1. Customer Understanding: Using data to better understand our customers

One of the highest volume sales for some department store chains during black Friday is towels. Retailers understand customer patterns and prepare their supply chains to handle peak demand. This understanding of the customer goes relatively deep and enables retailers to plan long supply chains. Profitability and revenue, of course, are directly tied to the retailer’s understanding of the customer across various states, for example. The most popular color choice for towels in Texas, for instance, may be very different than in California. So, the retailer needs to understand these patterns before procuring millions of towels for their Black Friday.

2. Process Monitoring: Using data to plan and track process performance

There are 140K+ miles of train tracks in the US. Trains travel on tracks at 70+mph. There are sensors which monitor various parameters of the train along 1000’s of miles of track. This data is reported back to a command center; processed by sophisticated analytics; and provided to experts in the form of safety alerts. The command center staff processes these alerts and slow trains down when they see potential issues and even stop trains to do emergency inspections.

3. Predicting Outcomes: Using data to predict process outcomes

The pre-cogs in the film “Minority Report” have the ability to predict future crimes through special powers. While our current police departments cannot predict or see the occurrence of a specific crime, they can understand patterns and use the probability of crime to dispatch and position units, thus deterring the occurrence of crimes by their presence. You can find more on that here —

4. Optimizing Outcomes: Using data to optimize processes

City Water Systems are a good example of this. With a small maintenance crew and few trucks, water agencies in cities need to maintain 1000’s of miles of pipes, fire hydrants, catch basins, and other equipment. Often, urgent issues like water main breaks take up the majority of their time, while small problems get ignored. But small issues then become big ones and the vicious cycle continues. We worked with a major city’s water agency to develop an optimized work scheduling solution that assigns low priority work to a truck that is on the way to dealing with a major issue. This approach allowed the water agency to clear out a huge back log of low-priority work, thus optimizing their workforce through the use of data

5. Optimizing Enterprise Value: Using data to optimize enterprise value

Very few enterprises are at Level 5 in their AI journey where they look at connecting profit, loss, shareholder value, and customer satisfaction to the various operating departments like sales, marketing, customer service, and service delivery within their enterprise. Enterprise optimization is a new emerging space where there is significant value to be gained.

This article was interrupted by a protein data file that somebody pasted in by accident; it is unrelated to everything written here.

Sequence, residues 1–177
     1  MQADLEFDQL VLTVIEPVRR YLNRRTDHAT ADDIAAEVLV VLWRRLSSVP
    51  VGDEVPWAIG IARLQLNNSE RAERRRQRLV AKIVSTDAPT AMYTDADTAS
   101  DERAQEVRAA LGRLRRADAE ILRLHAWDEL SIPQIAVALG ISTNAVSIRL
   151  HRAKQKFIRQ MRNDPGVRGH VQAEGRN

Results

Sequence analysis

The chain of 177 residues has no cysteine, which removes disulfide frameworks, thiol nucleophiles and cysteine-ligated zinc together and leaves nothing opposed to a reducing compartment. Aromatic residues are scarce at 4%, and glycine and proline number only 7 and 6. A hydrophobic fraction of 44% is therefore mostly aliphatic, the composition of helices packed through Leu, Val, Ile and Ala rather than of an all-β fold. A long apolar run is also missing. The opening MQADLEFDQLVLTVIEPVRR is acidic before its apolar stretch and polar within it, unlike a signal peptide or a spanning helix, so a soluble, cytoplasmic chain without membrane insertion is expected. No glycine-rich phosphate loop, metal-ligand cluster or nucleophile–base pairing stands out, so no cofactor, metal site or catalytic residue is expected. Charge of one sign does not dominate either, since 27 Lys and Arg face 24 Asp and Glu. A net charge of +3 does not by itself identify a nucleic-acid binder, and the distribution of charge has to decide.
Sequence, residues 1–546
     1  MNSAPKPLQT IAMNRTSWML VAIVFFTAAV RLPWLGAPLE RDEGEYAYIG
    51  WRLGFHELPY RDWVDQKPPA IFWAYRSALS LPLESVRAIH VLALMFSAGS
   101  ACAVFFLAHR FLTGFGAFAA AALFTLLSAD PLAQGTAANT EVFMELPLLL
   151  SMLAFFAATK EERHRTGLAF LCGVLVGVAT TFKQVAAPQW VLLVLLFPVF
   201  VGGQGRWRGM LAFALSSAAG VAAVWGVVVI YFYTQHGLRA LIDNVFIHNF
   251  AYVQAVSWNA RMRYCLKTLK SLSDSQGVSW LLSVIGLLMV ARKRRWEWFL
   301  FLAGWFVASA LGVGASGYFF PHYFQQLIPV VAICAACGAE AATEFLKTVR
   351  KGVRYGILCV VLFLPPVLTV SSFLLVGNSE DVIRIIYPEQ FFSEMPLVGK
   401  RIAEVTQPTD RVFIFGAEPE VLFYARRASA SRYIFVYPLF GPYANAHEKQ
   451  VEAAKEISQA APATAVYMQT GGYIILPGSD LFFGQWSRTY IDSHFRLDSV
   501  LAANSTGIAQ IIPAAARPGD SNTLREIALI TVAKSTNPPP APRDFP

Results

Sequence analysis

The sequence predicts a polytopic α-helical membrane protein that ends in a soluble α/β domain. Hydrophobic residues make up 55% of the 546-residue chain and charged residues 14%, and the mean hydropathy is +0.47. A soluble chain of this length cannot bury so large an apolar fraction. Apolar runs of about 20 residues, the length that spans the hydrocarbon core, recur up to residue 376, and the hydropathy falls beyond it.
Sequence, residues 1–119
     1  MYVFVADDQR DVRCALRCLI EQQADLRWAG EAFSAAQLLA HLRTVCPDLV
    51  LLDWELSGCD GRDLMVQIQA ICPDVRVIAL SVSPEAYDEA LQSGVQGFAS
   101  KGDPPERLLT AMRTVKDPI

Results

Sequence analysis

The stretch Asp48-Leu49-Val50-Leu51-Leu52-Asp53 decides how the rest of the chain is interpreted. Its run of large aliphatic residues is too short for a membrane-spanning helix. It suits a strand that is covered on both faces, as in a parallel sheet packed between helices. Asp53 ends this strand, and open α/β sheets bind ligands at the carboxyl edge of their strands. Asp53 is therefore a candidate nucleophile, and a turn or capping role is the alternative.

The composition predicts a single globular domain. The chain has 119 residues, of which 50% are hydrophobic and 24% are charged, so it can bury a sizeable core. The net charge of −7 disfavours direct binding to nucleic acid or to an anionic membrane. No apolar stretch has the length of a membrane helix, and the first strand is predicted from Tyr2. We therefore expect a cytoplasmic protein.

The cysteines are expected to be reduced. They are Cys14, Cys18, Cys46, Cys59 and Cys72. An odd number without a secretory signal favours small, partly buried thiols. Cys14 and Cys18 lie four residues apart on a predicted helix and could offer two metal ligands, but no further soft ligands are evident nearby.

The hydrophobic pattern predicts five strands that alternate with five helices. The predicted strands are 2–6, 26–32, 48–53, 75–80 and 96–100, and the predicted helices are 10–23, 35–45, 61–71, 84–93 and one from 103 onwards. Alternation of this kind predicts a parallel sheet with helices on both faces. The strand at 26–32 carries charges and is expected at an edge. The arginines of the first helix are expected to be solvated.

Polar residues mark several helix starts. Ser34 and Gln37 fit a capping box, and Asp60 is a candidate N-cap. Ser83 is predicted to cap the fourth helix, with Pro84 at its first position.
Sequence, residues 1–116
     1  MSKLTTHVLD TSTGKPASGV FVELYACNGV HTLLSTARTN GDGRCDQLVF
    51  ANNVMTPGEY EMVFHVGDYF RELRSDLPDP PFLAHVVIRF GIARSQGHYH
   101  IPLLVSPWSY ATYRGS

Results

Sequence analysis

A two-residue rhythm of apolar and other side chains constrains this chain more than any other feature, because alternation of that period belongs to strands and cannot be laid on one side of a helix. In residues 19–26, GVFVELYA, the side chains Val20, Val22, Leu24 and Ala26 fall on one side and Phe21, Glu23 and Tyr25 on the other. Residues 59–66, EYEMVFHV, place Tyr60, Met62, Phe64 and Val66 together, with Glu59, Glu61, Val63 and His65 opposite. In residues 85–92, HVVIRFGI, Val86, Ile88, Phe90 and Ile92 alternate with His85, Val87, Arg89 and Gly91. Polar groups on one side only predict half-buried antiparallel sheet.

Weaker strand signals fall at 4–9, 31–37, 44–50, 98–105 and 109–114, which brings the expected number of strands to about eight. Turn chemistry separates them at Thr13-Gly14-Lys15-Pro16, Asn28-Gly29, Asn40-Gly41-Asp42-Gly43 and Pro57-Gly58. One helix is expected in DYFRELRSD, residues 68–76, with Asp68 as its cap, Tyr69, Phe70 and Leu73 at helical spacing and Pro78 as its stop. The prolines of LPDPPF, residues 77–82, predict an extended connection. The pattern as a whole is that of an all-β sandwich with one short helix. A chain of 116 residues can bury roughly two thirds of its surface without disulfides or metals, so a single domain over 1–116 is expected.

The name of this series is “Data-Driven Work Cultures”. Changing a culture is hard. What would you suggest is needed to change a work culture to become more Data Driven?

For a data driven work culture, two things are critical — acceptance of failure as a valuable outcome for a project and a leadership team that is keen on constant improvement through experimentation. If you have these two ingredients, teams can focus on driving improvements, measuring impact objectively, and adjusting their strategies based on what the data shows. This is not easy in organizations where chest thumping is part of the culture.

The future of work has recently become very fluid. Based on your experience, how do you think the needs for data will evolve and change over the next five years?

Yes, work has become fluid. But the needs of the customer/patient haven’t changed. This poses a major challenge for organizations as they have to accommodate the changing patterns of employees while ensuring that the customer and business outcomes are met. Data will play a major role in delivering high-quality outcomes while dealing with fluidity in the work force.

Does your organization have any exciting goals for the near future? What challenges will you need to tackle to reach them? How do you think data analytics can best help you to achieve these goals?

Yes, we have many exciting goals for Bloom Value. I would like to highlight two goals. AI in Healthcare today is expensive and takes a long time to deliver value. At Bloom, we are committed to addressing both of these challenges in our products. I think of this as a “Henry Ford” moment for AI. We need to have an automated, assembly-line approach to building out AI solutions which address the most pressing challenges of healthcare providers. We are focused on achieving this approach through data-engineering, automated machine learning, and integrated process automation. Getting to automated, assembly line AI is a long journey. But we are excited that we are making progress in bite-sized chunks.

How can our readers further follow your work?

LinkedIn —

Instagram —

Facebook —

Twitter —

Thank you so much for sharing these important insights. We wish you continued success and good health!



Pierre Brunelle, CEO at Noteable
Authority Magazine

Pierre Brunelle is the CEO at Noteable, a collaborative notebook platform that enables teams to use and visualize data, together.